In the name of equity

Progressives write racial discrimination into the law of the land.

In April, a group of farmers from Wisconsin, Minnesota, South Dakota, and Ohio sued the federal government because they are ineligible for a program in the Biden administration’s COVID-19 stimulus plan which allocates $4 billion to forgive loans. They are ineligible because they are white. Announcing the program, Secretary of Agriculture Thomas Vilsack said it would “deliver historic debt relief to socially disadvantaged farmers and ranchers,” “socially disadvantaged,” in this case, meaning non-white. In the name of “equity,” racial discrimination has been written into the law of the land.

The authors of this policy would, no doubt, consider themselves “progressive.” And, on the face of it, the open embrace by self-described progressives of the political left of racist policies such as these, is a stunning rebuke of their own intellectual tradition.

Left wing politics used to be class-based politics. Leftists believed that a person’s economic status defined his social or political identity. Other factors, such as nationality or race, were irrelevant. “Working Men of All Countries, Unite!” exhorted Marx and Engels in The Communist Manifesto. The political struggle that mattered was the struggle between economic classes. “To the workers, the capitalist is unprincipled and an exploiter,” a young Walter Mondale wrote, “To the capitalist the worker is weak minded [and] lazy.”

To leftists, the politics of nation or race were simply capitalist ruses, meant to divide the proletariat and distract it from its historic mission. “[A]ll sorts of ‘progressive’ bourgeois parties and groups have been more and more often resorting to the method of dividing the workers by advocating different bourgeois ideas and doctrines designed to weaken the struggle of the working class,” Lenin wrote. “One such idea is refined nationalism, which advocates the division and splitting up of the proletariat on the most plausible and specious pretexts, as for example, that of protecting the interests of ‘national culture,’ ‘national autonomy,’ or ‘independence’, and so on, and so forth.”

Another of these “specious pretexts” – the most noxious – was race. The Nuremberg Laws of Nazi Germany, for example, included the Reich Citizenship Law, which declared that only those of German or related blood were eligible to be Reich citizens. The laws explicitly described Germany as “the race-based state.” To the Nazis, a person’s race defined his social or political identity. While Marx and Engels believed that “The history of all hitherto existing society is the history of class struggles,” the Nazis could be said to have believed that the history of all hitherto existing society was the history of racial struggles: “[T]he sacred mission of the German people,” Hitler wrote in Mein Kampf, is “to assemble and preserve the most valuable racial elements…and raise them to the dominant position.”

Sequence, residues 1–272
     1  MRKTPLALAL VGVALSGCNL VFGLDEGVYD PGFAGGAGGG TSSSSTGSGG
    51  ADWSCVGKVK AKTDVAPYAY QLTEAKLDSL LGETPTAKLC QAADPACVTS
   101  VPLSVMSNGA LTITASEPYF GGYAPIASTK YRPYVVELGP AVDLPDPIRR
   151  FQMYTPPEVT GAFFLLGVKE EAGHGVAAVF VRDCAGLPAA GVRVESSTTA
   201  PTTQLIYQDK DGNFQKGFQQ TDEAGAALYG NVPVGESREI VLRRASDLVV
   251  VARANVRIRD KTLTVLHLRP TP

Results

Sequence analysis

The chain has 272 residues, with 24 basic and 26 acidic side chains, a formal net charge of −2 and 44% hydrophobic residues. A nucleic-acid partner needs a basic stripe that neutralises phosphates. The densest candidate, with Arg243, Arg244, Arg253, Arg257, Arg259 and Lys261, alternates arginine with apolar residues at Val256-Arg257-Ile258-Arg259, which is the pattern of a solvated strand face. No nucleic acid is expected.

Some on the left still see politics in class terms. And, when working-class voters don’t behave as this theory says they should, they reach back to Marxist theories of “false consciousness” to explain it. When Donald Trump won 60 percent of the white working class vote in 2016, Joshua Zeitz argued in Politico that those voters were “manifestly undercutting their economic self-interest,” and explained that “Trump might be increasing economic inequality, but at least the working-class whites feel like they belong in Trump’s America. He urged them to privilege race over class when they entered their polling stations.”

But there are others on the left, increasingly so, who see politics in the racial terms their ideological ancestors rightly reviled. That is how we end up with the federal government implementing a scheme which would take similarly distressed farmers and help the one and not the other solely based on their racial characteristics. The state is increasingly and explicitly “race-based,” and all this, perversely, in the name of “equity.”

Those on the left, like Joshua Zeitz, who puzzle over the question of why white, working-class Americans supposedly see politics in racial and not class terms, might want to ask where they got the idea. Was it from nefarious capitalists, stirring racial animus to distract them from their historic mission? Or was it from politicians like Tom Vilsack, who divide the American people into a set of racial interest groups whose votes can be bought wholesale with taxpayers’ money? I disagree that these white, working-class Americans were privileging “race over class when they entered their polling stations,” but if you think that is the case, it is in part because “progressives” are privileging race when making public policy.